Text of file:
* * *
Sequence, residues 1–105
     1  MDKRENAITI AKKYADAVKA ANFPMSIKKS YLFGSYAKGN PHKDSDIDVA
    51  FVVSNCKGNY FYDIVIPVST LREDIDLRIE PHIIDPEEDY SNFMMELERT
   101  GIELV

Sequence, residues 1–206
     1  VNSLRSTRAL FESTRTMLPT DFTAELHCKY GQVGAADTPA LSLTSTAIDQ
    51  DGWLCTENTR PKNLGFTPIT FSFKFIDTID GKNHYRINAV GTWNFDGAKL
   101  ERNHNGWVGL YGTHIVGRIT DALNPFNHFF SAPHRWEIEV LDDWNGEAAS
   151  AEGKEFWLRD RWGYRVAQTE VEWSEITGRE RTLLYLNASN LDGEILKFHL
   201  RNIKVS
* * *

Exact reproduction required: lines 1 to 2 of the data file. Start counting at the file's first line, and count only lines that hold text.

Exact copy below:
Sequence, residues 1–105
     1  MDKRENAITI AKKYADAVKA ANFPMSIKKS YLFGSYAKGN PHKDSDIDVA